WHAT THIS MEANS, FROM JOANN NEEDLEMAN OF CLARK HILL: Public requests for rulemaking is nothing new despite the CFPB’s  latest announcement. In years past, there have actually been three (3) formal petitions for rulemakings. Ironically those three petitions were all denied. You can view those petitions on the CFPB’s website. All three were submitted by industry associations.

What appears to be different this go around is that the public will be made more aware of the petitions being filed. The public will have an opportunity to comment on those petitions, either for or against granting the petition: having the CFPB engage in rulemaking or in amending or repealing a rule. It is unclear what recourse a petitioner has if there is a denial of a request for rulemaking, but revisions to an existing rule may be subject to the appeal process pursuant to the Administrative Procedures Act (APA). This is where the ARM industry should pay special attention, especially in instances of a petition which seeks to repeal all or parts of a  rule like Regulation F. We know that consumer advocates have looked unfavorably to many of the provisions of the debt collection rule. This process may now provide an opportunity to air their grievances in a very public way. On the flip side, the ARM industry could file their  own petitions with respect to revisions to Regulation F as well.

It is unclear why the CFPB is currently seeking to highlight this process. Their current regulatory agenda is certainly packed with high priority items like 1071(Small Business Lending Data Collection ), 1033 (Portability of Electronic Consumer Financial Account Data) and LIBOR. Whatever petition is filed, it is unlikely it will be addressed quickly as rulemaking can take years. It is for this reason many think this is a process to repeal and change existing rules and not develop new ones.

Notifying Represented Consumer Instead of Attorney Not Enough for Plaintiff to Have Standing to Sue, Appeals Court Rules

The Court of Appeals for the Eighth Circuit has overturned a lower court’s ruling in favor of a plaintiff, determining that he lacked standing to pursue a claim in federal court after suing a collection law firm for allegedly violating the Fair Debt Collection Practices Act in relation to communicating with the plaintiff rather than the attorney who was representing him. More details here.

WHAT THIS MEANS, FROM COOPER WALKER OF MALONE FROST MARTIN: Article III standing is certainly an issue that the industry is familiar with at this point. However, the Eighth Circuit’s Ojogwu opinion is a great reminder to look at standing from every angle when defending a case. It can be easy to focus on the standing defenses that we have became familiar with, but it’s always worth stepping back to see if the facts of your case provide a new theory that can be tried. However, be cautious about when you make your standing argument. If you win on standing before the statute of limitations is up, you might find yourself relitigating the issue in state court.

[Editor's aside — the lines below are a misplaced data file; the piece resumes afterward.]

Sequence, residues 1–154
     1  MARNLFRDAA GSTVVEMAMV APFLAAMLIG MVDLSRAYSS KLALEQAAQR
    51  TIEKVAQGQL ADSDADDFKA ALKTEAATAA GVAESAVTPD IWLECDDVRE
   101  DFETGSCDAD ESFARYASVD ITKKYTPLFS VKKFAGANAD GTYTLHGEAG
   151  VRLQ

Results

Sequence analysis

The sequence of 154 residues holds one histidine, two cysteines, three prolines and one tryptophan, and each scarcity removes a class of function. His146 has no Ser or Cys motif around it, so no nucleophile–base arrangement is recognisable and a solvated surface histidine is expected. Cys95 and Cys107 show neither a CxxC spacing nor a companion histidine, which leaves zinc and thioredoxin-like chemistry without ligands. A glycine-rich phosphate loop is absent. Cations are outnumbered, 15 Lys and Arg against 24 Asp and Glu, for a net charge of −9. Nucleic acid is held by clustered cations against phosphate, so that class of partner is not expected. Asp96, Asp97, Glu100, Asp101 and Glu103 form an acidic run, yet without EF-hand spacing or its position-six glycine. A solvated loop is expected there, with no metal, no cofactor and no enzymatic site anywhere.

Class Action Accuses Defendant of Violating FDCPA, TCPA, Reg F For Making Too Many Calls

The database maintained by Jack Gordon and the team at WebRecon has yielded yet another Regulation F lawsuit, this one a class-action against a company accused of not only violating Reg F, but also the Fair Debt Collection Practices Act and the Telephone Consumer Protection Act by making at least 47 phone calls to an individual’s cell phone — including 22 in one seven-day period alone — without first obtaining the individual’s consent to contact him on his cell phone. More details here.

WHAT THIS MEANS, FROM JOHN REDDING OF ALSTON & BIRD: While in large part this case has the look and feel of a traditional TCPA / FDCPA class action, we also have a Reg F claim thrown into the mix.  In this putative class action, relative to Regulation F, the plaintiff claims the debt collector placed 22 calls to the named plaintiff during the first week of January 2022, well in excess of the permitted seven attempts within seven-days permitted under Regulation F. If the allegations regarding the volume of calls placed on a single account are true, we are left to wonder how that was allowed to happen given the volume of pre-implementation warnings and guidance provided on the allowable call limitations. Whether true or not, this case demonstrates the importance of auditing procedures to ensure that controls put in place to avoid violating Regulation F (or any other law / regulation that may apply) are working as intended and quickly corrected if not.

I’m thrilled to announce that Bedard Law Group is the new sponsor for the Compliance Digest. Bedard Law Group, P.C. – Compliance Support – Defense Litigation – Nationwide Complaint Management – Turnkey Speech Analytics. And Our New BLG360 Program – Your Low Monthly Retainer Compliance Solution. Visit, email John H. Bedard, Jr., or call (678) 253-1871.